- [Ben] Right, although you can't do my licensing matrix is failing me. You can't do the mobile application management with just Azure AD premium P one can you, isn't that still part of EMS? You can do conditional access, but not actually like the mayhem, selective wipe stuff or don't allow copy and paste between applications, that type of stuff.

- [Scot] Right, yeah. I think you're right there, but if I can stop you from logging into the app if you're on a, like an unregistered device or whatever it is.

- [Ben] Right, that goes a long ways.

- [Scot] You've got to weigh that out and decide where that's important to you organizationally.

- [Ben] Yeah, so yeah, figuring out where that is and truth be told, even the mobile application management versus the mobile device management, I'm shocked how many people like conditional access in some of that mobile application management. If you do that right, you really don't need a lot of the mobile device management as much. Even bigger companies, I'm surprised how many people just do the MAM and it's way easier to manage. So another one that comes out, especially if you're a small business when you are weighing Microsoft 365 business premium versus office 365 is Windows 10 pro and licensing that. If you've already bought a bunch of faxed copies of Windows 10 pro, you don't care about licensing Windows 10 pro, the office 365 E3 is gonna be fine. But one of the nice things about business is it does have a Windows 10 pro license. So if you want to do all of your cloud licensing, if you want to even look a little bit at like I think the Windows virtual desktop is included now in the Microsoft 365 business premium. if you be... Tripping over my own words that, but as well as, and this was when I learned the other day, is the licensing office applications, so Word, Excel, PowerPoint, desktop on a virtual desktop interface. I can't remember. Is that the CSA license or SCA? The shared, essentially the shared application license.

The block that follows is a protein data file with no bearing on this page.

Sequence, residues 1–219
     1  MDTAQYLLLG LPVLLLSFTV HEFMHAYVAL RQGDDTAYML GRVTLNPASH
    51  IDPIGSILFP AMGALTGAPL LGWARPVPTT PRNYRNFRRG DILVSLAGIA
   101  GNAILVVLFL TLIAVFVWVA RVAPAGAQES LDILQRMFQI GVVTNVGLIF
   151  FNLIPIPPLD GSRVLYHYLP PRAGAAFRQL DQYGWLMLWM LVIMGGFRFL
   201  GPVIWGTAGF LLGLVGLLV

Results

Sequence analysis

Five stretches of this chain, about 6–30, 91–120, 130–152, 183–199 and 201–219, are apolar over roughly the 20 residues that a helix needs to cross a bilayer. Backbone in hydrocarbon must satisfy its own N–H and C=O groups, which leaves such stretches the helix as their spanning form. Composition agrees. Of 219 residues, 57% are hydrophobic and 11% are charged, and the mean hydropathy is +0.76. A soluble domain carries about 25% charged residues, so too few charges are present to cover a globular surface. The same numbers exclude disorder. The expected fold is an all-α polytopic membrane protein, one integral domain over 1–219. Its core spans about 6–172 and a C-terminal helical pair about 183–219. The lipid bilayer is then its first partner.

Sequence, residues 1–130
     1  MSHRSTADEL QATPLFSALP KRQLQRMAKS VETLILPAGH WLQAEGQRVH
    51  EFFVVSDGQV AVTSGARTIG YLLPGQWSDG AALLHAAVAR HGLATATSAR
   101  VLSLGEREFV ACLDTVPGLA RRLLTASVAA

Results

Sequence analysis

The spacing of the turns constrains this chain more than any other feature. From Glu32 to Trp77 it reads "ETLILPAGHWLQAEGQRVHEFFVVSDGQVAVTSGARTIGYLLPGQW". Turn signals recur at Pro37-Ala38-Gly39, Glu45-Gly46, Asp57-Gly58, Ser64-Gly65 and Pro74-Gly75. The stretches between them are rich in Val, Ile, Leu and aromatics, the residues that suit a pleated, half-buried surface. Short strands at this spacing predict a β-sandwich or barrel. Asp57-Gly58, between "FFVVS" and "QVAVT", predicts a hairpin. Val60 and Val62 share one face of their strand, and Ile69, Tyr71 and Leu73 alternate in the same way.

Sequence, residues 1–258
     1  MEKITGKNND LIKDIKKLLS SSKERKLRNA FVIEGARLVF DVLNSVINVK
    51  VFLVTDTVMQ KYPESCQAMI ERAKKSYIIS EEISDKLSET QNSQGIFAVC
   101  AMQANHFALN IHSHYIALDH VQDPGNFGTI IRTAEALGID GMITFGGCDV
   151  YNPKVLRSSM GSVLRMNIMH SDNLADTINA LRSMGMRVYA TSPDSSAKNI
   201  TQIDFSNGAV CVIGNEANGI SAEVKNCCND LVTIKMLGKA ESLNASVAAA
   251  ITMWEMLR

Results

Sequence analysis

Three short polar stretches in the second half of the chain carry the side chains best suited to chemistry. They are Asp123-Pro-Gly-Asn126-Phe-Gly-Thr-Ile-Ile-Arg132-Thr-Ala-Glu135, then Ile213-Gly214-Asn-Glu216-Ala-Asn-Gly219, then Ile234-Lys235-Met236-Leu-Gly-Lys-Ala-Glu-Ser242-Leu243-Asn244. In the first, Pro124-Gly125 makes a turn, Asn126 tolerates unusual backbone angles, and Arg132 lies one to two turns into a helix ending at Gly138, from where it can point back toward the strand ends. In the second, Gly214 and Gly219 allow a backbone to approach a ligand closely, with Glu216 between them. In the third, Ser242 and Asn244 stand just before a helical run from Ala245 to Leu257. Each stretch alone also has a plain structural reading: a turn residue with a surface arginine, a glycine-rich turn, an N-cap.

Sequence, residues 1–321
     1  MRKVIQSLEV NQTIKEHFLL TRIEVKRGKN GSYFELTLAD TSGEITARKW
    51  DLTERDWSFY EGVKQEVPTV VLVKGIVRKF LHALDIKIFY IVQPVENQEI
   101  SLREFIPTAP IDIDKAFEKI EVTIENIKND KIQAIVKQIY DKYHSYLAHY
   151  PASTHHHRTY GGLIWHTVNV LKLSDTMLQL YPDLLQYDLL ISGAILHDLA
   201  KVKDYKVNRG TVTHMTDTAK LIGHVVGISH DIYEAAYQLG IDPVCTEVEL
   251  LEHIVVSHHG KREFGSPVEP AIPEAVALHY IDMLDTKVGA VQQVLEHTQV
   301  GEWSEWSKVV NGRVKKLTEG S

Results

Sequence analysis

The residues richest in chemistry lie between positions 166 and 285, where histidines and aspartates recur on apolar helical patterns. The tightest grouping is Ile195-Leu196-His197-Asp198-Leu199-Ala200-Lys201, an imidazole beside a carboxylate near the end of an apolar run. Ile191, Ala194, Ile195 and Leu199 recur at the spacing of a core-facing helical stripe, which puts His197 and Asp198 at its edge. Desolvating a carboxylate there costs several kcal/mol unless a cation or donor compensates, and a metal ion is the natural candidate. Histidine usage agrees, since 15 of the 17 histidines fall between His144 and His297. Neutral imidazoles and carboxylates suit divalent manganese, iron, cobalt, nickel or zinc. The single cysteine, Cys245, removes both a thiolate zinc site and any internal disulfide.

- [Scot] Yeah, whatever acronym they have going for it these days.

- [Ben] Yes, that is the only business plan that's included in this that Microsoft 365 business premium. So even though office applications are included in some of the lower business 365 plans, the only one that includes the shared application access is gonna be that business premium. So if you are looking for that virtual desktop interface, maybe looking at Windows virtual desktop, you want the shared applications, there's a lot of that. The Windows 10 for even desktop devices, all of that's in that Microsoft 365 business plan too. So if you need all of that, you're under 300 users, you don't need EMS. In that scenario Microsoft 365 business is a solid option as well.

- [Scot] Yeah, it starts to become more and more compelling. It does.